• The $12 Errazauriz cabernet sauvignon from Chile, 15 ounces, screwcap. Ironically, the producer recently changed bottles, cutting the weight by 12 1/2 percent. Otherwise, it would be 17 ounces.

• The $12 Josh Cellars cabernet sauvignon from California, 22 ounces, natural cork.

• The $16 Bonterra zinfandel from California, 23 ounces, artificial cork. The irony? That Bonterra is one of the best selling green wine brands in the country.

• The $17 Downton Abbey claret from France, 19 ounces, natural cork.

In these cases, sadly, appearance is all. The Downton Abbey is the most obvious example, but even the others work from the assumption that consumers expect quality wine to come in heavy bottles with some kind of cork. We can argue forever about screwcaps vs. corks, but the one thing that isn’t in debate is that screwcaps are perfectly acceptable for most of the wine we drink. And there is absolutely no debate about the bottle. This isn’t 1890, when bottle weight mattered, protecting the wine from the perils of 19th century shipping. Lighter weight, given today’s bottle technology, is just as effective. Fifty million cases of Two-buck Chuck are proof of that.

Obviously, what’s in the bottle matters most. At some point, though, the bottle and closure itself is going to matter, whether producers believe it or not.

Winebits 317: Kickstarter, cheap wine, wine packaging

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Winebits 317: Kickstarter, cheap wine, wine packaging

How would this look in your back yard?

Don’t we all need a tasting room? Kickstarter is one of the good things the Internet made possible, and I’d say that even if I didn’t raise money for the cheap wine book that way. Consider this: The WinePort portable tasting room for your back yard, devised by Annette Orban of Phoenix. She needs to raise $5,248 by the end of the month, but isn’t very far along despite the idea’s genius (and my $25 pledge). The WinePort measures 200 square feet and is made of recycled materials. Her target audience is wineries, but I don’t see why it wouldn’t work for wine drinkers who live in more hospitable summer climates than mine. Click on the link to pledge; you won’t be charged unless she reaches her goal.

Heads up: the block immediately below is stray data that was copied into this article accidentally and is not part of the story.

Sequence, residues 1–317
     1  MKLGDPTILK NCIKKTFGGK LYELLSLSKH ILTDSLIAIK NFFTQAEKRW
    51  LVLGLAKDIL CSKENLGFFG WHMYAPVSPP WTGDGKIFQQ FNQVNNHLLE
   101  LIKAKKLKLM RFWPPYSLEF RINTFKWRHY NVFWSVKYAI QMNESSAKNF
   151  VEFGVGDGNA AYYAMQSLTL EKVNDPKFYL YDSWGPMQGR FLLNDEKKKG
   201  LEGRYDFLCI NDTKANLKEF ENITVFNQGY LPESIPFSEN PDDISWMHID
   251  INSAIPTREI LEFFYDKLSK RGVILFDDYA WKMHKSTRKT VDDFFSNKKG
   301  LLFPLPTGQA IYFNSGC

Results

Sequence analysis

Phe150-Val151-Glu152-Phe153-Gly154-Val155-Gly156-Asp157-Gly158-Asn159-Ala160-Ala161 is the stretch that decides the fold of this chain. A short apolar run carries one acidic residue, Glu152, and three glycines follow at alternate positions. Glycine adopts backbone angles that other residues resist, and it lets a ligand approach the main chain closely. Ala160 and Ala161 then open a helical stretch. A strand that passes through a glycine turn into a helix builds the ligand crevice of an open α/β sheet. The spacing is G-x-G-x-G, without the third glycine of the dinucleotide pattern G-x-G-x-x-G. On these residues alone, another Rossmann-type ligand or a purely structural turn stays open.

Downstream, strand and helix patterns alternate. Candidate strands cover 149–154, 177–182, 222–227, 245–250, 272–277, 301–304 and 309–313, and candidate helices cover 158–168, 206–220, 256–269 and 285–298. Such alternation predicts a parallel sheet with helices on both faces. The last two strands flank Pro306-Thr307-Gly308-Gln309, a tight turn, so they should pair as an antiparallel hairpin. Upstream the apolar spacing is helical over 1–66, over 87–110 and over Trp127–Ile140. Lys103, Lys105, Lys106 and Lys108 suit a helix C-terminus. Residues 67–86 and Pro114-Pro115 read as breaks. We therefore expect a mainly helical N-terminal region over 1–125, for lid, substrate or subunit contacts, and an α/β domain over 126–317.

A toast to Korbel: The California winery’s sparkling rose that is, which was a sweepstakes winner in the 2014 San Francisco Chronicle Wine Competition, one of the most prestigious in the country. The cost? $11, which means it will be showing up a review here sooner rather than later. A $12 rose, from Washington’s Barnard Griffin, was also a sweepstakes winner, though I doubt there is much availability. Korbel isn’t always a favorite of the Winestream Media; I wonder if there will be a backlash against it, as there was for Two-buck Chuck when it won double golds at another big-time California competition.

Bring on the wine in a box: The always curious Mike Veseth at The Wine Economist visits Kroger to see if wine in something other than bottles is making any headway. His conclusion? There was an alternative packages section in the wine department, which “makes sense generally, I think, because wine has moved beyond the standard 750-milliliter and 1.5-liter glass bottles to include many other containers. The fact that there is a separate wall of these wines suggests that the customer who comes shopping for alternatives is a bit different from the glass bottle buyer.” In this, Veseth has almost certainly identified one of the biggest — and least understood — changes in the wine business: the growing divide between older and more typical wine drinkers and younger and less traditional wine drinkers.